This means that omnichannel retail marketing is the new name of the game. In fact, 25 percent of retailers list omnichannel marketing as their number one priority for 2019, according to Adobe’s Digital Retail Trends report. In short, it’s not enough for retail brands to only have a storefront. They need a robust eCommerce website, branded social channels, and digital marketing to capture consumer interest online. Which in turn means that the retail industry is looking to hire digitally skilled talent that can help them to compete in an extremely competitive industry. LinkedIn’s recent study showed that there has been a drop in the proportion of sales roles in retail, but an increase in digitally-focused positions. In fact, Software Developer and Marketing Specialist are currently the third and fourth most popular retail jobs.
Additional digital skills that have gained importance in the retail sector include:
- Data Analytics skills to pull sales data and reports
- Knowledge of eCommerce platforms
- Social Media Marketing
- Google Analytics
Hospitality, an ancient industry, has been experiencing a great deal of digital disruption in recent years. The rise of the sharing economy has been a large catalyst for this change, with companies like Airbnb changing the way people search for, and think about accommodations.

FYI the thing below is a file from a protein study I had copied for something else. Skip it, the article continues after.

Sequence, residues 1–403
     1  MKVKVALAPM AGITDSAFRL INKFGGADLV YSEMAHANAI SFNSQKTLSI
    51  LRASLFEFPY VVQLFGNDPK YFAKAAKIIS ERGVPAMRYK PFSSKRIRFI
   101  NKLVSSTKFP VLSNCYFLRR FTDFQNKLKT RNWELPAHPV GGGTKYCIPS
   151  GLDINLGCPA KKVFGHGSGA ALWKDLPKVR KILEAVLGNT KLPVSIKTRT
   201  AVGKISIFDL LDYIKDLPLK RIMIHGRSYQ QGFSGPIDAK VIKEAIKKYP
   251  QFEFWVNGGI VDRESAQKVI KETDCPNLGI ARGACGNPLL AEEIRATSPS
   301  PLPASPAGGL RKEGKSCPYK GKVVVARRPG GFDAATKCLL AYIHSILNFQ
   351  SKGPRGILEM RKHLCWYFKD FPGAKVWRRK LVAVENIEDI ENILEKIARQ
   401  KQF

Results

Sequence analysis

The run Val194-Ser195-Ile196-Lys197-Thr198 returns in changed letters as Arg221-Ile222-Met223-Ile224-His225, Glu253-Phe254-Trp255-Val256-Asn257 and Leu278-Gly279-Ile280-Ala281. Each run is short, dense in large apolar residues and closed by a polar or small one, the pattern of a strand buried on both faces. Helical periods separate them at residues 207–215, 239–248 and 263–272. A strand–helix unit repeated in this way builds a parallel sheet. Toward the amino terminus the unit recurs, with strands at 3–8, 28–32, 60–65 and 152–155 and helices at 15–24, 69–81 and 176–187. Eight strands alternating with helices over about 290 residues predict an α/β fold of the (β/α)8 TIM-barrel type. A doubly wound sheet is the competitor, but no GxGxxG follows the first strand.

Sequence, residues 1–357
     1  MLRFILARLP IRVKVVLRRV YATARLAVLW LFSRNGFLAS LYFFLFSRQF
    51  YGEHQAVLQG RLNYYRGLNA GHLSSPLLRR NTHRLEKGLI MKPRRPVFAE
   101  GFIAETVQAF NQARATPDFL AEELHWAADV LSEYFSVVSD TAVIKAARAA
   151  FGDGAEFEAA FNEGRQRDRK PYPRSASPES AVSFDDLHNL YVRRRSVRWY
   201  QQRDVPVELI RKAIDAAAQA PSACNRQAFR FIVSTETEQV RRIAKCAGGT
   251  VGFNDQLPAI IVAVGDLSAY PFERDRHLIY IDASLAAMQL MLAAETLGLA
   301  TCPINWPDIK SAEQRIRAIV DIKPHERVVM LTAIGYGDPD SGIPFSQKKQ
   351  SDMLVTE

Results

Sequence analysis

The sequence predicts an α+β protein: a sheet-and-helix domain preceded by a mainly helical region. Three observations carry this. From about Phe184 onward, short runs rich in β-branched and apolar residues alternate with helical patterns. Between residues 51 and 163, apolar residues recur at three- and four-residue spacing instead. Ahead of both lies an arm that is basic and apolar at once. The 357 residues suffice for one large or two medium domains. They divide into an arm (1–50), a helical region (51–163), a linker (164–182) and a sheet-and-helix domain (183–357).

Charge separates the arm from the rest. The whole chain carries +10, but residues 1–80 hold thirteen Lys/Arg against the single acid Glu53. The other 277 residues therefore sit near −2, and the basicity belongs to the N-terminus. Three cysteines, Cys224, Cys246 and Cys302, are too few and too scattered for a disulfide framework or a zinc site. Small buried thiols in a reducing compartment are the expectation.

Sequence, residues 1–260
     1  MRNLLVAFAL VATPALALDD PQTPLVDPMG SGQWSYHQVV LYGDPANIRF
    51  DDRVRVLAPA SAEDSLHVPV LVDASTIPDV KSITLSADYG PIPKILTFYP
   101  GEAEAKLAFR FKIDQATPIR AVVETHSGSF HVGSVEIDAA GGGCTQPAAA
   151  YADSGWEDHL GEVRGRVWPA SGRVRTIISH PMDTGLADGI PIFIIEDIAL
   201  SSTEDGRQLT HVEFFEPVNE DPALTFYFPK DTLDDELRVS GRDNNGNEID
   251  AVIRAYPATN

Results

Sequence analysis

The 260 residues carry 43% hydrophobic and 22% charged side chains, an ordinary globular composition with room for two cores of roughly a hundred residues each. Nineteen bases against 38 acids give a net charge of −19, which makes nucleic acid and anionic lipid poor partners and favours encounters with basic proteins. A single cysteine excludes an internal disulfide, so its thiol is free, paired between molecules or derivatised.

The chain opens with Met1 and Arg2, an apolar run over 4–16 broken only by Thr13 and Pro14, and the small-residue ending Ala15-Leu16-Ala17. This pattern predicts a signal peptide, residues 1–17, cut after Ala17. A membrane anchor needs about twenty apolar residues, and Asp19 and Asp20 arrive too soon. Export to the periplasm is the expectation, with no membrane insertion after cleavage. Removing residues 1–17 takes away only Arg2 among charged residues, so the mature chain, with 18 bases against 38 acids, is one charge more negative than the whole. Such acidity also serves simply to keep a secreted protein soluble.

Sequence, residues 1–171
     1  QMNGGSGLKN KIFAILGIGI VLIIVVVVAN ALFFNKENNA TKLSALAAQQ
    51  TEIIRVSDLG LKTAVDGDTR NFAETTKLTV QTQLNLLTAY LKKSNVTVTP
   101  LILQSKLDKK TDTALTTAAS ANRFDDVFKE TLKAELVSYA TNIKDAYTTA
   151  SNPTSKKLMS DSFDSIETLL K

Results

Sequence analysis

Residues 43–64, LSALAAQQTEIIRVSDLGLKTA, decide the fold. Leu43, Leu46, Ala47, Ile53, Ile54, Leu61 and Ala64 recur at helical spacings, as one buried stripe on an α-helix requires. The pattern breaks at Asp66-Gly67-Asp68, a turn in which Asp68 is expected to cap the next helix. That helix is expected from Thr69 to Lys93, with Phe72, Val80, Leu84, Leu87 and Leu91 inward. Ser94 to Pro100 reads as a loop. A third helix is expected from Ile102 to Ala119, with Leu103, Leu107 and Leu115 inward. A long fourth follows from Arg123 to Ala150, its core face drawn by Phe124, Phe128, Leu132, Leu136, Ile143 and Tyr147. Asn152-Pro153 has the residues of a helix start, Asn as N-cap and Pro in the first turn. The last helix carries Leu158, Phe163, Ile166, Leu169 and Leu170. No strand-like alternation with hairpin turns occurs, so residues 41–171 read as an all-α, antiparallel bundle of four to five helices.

“In an era of Uber, Lyft, Airbnb, Postmates, Amazon Prime, and other apps and services that cater to people’s wants and needs in real time, the hotel industry is, by default, a reluctant player in the on-demand economy,” reads a recent report from Sabre.
Hotels and hospitality brands are being forced to change their ways, implementing new guest room technologies (including roboties and network improvements), creating holistic guest experiences (and ensuring cybersecurity), and developing digital marketing and virtual reality strategies to keep up with the changing industry. Take Four Seasons, a hotel chain founded in 1960 that has become a global hospitality powerhouse by developing a digital-first mindset. Four Seasons has adapted to meet the needs of their digitally focused consumers by developing chat services and an engaging social media presence.
“Brands must evolve as consumers and markets evolve,” reads the Sabre report.
But professionals must evolve as well, positioning themselves in front of this digital disruption by gaining valuable digital skills. These skills will enable them to work across industries and fill some of the most in-demand technology roles of today.
Some of the most in-demand positions in the industry include:
- Business Intelligence Analyst
- Data Scientist
- Database Developer
- Cyber Security Administrator